These two terms, aeration and oxygenation, are fairly similar processes and most often referenced as beneficial processes in brewing. For a long time they were considered a must for homebrewers, but these days they aren’t deemed as significant and are factors that can be tinkered with depending on the situation and the brewer’s desired outcome for the beer.
When most brewers use the term aeration, it is in reference to the process of forcing air into brewer’s wort after the boiling and cooling processes are complete, but prior to the commencement of active fermentation. A better term for this process would be cold-side aeration and is extremely beneficial in many brewing situations. There are many ways homebrewers can go about aerating their wort: Vigorously shaking the fermenter, using a mechanical device like a mixing paddle, dumping wort back and forth between sanitized buckets, a spray aerator, a venturi system, or an aquarium pump with carbonation stone, just to name a few. At this stage of the process brewers want their yeast to have some dissolved oxygen (DO) available for healthy growth. Generally when folks discuss a healthy level of dissolved oxygen for yeast growth, the most often amount cited is approximately 8–12 ppm. Aerating room temperature wort means that brewers can at best achieve ~8 ppm dissolved oxygen . . . so there is no such thing as over-aerating wort. I personally use an aquarium pump with carbonation stone and let it run for 10 minutes (or until my bucket fills with foam) as I am pitching the yeast.
There is another use of this term brewers will use that has negative connotations: Hot-side aeration or HSA. It is not a term most homebrewers should care about, but it refers to aeration of hot wort, generally in the mash. This can lead to premature staling of beer and a faster loss of malt and hop aroma in the finished beer. The reason most homebrewers need not care about the term is because most of us consume our beers relatively fresh and it takes a lot of aeration to have an effect.
Oxygenation is similar to aeration with one major difference . . . brewers use pure oxygen instead of air to provide the yeast this nutrient for growth. This shortens the time required for this step since a batch can be oxygenated in one minute to 12 ppm. Brewers will use compressed oxygen to push the air through a carbonation stone. There are some drawbacks to oxygenating wort. The first is that you need to pay for the oxygen, either small bottles purchased at a hardware store or a refillable bottle. If you go the route of a refillable bottle, you will also need an oxygen regulator for the tank. The second drawback is that it is hard to control how much oxygen you are putting into the wort unless you have a way to gauge the oxygen’s flow, and too much oxygen can damage your yeast cells.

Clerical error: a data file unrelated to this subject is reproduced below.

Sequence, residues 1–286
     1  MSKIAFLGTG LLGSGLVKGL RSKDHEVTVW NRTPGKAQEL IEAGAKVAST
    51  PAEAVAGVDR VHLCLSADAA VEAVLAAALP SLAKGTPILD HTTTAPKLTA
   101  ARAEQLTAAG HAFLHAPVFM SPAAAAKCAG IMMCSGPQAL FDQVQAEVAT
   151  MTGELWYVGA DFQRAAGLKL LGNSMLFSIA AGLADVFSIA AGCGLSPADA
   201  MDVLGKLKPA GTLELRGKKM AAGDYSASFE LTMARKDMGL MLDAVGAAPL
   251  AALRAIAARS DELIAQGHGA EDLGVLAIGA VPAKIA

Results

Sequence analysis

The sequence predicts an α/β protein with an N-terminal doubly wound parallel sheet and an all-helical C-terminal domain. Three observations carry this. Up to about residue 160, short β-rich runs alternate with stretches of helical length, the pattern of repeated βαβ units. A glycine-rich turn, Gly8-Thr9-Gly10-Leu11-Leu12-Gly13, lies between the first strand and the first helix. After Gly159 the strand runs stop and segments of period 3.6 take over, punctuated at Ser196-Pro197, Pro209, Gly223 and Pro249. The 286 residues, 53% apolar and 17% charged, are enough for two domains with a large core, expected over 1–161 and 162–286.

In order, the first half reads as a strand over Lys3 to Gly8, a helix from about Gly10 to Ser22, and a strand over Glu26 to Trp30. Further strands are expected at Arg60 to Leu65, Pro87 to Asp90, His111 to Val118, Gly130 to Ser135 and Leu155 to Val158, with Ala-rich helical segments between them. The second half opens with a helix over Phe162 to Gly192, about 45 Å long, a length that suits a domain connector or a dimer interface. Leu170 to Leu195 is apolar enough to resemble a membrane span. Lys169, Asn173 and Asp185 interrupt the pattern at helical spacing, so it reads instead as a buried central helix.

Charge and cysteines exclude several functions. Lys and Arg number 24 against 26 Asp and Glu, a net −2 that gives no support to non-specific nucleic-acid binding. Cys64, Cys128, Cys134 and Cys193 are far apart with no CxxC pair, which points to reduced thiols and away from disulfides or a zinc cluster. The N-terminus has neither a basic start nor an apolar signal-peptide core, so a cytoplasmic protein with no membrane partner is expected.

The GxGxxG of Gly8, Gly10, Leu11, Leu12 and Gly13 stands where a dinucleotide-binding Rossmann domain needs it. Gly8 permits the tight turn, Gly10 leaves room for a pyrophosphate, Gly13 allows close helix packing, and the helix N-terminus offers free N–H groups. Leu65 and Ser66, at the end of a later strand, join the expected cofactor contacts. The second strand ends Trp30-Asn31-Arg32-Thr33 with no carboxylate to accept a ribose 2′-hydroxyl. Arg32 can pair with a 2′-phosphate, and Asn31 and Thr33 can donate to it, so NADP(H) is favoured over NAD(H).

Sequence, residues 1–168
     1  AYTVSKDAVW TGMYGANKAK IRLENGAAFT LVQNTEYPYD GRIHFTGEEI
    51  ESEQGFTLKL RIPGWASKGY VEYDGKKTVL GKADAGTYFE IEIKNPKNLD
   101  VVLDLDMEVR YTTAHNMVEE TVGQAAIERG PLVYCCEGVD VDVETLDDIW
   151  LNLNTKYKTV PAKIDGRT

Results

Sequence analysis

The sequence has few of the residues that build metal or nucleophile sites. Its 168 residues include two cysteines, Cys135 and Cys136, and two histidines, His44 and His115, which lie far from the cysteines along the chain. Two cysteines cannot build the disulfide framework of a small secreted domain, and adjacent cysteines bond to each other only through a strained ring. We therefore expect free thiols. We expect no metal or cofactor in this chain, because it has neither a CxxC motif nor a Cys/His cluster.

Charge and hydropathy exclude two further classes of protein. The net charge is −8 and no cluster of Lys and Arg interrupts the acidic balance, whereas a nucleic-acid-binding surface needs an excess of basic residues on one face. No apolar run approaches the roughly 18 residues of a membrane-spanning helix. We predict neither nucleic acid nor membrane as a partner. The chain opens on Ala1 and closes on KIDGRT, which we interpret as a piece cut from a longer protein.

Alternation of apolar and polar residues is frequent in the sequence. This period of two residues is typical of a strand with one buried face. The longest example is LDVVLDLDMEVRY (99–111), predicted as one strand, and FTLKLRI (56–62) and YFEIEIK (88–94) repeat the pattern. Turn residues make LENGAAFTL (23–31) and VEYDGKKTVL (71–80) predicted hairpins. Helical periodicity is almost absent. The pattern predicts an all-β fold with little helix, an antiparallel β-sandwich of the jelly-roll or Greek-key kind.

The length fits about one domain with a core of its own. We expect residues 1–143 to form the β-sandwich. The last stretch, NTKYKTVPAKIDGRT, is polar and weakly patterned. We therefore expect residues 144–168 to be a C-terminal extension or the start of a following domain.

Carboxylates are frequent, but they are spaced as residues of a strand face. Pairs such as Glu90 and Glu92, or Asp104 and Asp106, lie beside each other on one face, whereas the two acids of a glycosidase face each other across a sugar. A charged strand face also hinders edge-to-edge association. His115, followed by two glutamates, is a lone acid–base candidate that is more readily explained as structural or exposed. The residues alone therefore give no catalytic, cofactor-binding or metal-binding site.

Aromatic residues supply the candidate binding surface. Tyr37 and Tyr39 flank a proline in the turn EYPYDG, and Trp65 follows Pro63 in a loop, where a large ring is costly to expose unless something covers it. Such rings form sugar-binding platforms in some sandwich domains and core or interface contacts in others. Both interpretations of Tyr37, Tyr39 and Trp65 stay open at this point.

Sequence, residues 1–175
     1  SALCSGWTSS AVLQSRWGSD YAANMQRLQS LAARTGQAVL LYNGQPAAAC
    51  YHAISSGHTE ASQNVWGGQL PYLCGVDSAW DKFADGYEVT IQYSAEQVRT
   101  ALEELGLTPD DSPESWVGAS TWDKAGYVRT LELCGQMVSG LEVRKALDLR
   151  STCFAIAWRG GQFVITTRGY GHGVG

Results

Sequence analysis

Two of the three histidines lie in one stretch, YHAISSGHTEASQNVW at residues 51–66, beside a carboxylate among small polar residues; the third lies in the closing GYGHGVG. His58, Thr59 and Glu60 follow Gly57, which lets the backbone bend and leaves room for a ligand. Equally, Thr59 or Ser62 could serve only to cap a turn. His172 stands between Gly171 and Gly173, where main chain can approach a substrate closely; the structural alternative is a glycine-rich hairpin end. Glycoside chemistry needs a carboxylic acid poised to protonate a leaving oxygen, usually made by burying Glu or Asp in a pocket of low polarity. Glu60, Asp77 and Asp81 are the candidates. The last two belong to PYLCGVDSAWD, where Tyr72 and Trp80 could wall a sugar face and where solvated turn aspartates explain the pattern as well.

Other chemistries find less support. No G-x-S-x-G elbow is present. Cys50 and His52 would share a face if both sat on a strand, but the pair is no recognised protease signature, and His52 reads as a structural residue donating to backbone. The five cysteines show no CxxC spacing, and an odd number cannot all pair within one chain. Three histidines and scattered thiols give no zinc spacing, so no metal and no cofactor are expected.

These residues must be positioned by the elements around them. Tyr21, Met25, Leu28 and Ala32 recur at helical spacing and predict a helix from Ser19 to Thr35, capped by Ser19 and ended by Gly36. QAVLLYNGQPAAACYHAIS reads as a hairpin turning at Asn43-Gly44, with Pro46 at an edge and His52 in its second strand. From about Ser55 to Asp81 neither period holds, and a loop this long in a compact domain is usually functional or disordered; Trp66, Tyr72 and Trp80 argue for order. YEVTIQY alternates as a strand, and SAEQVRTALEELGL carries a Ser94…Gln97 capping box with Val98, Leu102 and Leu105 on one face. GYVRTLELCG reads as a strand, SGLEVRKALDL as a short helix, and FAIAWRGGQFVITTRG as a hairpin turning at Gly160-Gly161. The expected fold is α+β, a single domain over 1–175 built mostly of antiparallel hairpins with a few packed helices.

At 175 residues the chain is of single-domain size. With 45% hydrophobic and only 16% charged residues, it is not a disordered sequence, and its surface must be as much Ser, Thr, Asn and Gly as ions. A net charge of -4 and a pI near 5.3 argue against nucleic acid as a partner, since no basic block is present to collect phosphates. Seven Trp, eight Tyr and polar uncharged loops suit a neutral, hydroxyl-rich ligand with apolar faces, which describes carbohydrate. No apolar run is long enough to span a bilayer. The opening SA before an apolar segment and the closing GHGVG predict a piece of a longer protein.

Using Dry Yeast
A segment needs to be specially dedicated here to those brewers that use dry strains of yeast. That is because most strains of dry yeast have been grown in an environment that has been specifically designed to provide the yeast cells with a reserve of glycogen (the compounds yeast construct from proper oxygen) to grow and thrive in wort to ferment a beer properly. So any brewers using a fresh pitch of a dry strain of yeast (at the proper pitch rate) don’t need an aeration/oxygenation step in their brew day procedures. Simply chill to the proper pitch temperature, sprinkle the yeast, and the yeast should do the rest for you.
One area that truly advocates for the use of oxygenation over aeration is when fermenting wort that is high-gravity. Those big double IPAs, barleywines, doppelbocks, and imperial stouts will be much better served if the brewer opts for a direct injection of pure oxygen over air since high-gravity wort has a lower saturation point of oxygen. So instead of one minute of forced oxygen through a carbonation stone in most standard-strength beer, a high-gravity beer might need two minutes of pure oxygen for proper yeast growth and health. For those aerating, a second round of aeration 12 hours later can also serve this purpose.
How Much Oxygen?
Finally we get to the part where a brewer can tinker with their level of dissolved oxygen (DO) to produce variances in their beer. I’ll start by saying that if you are using liquid yeast or re-pitching a yeast, you’ll want some dissolved oxygen for growth. It has been shown that the range of 0–10 ppm of dissolved oxygen in the wort is where the biggest effects are seen. Once above that level, changes can be a bit more complicated. I would recommend at least 4 ppm if you want to have a more expressive ester profile. If you are looking for a cleaner profile, then 8–10 ppm should be your goal. Unfortunately there is no way to test for levels unless you have a DO meter, which start around $200 (USD). The next best thing to do is to play around, if you want more esters, maybe do 30 seconds of oxygenation instead of one minute. Record your techniques and you can eventually come up with a game plan for different beers.